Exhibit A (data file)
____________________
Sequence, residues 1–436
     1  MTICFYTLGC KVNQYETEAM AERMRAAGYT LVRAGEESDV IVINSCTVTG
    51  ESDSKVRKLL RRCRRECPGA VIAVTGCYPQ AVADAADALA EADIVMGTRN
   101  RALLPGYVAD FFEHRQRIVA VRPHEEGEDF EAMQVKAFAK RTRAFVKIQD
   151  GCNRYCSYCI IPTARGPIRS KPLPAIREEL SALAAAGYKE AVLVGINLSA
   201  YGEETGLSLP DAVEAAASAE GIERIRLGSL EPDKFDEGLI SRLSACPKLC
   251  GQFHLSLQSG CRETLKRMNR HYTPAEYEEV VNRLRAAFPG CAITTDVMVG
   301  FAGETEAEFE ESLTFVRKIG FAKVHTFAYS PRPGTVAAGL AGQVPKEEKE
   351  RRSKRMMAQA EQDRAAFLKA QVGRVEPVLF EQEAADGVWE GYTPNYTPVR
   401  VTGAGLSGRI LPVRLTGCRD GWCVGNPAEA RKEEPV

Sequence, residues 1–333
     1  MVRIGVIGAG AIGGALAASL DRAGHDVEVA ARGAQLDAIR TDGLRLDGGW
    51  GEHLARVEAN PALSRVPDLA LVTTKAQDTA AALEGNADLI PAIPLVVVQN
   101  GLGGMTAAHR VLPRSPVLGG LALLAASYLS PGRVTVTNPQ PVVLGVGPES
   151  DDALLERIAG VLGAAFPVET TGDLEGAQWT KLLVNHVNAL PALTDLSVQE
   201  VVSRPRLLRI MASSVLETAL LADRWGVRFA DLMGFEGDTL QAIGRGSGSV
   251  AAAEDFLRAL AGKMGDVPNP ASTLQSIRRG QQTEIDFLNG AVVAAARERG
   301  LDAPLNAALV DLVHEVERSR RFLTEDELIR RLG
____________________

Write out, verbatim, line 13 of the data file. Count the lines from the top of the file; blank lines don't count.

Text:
    51  GEHLARVEAN PALSRVPDLA LVTTKAQDTA AALEGNADLI PAIPLVVVQN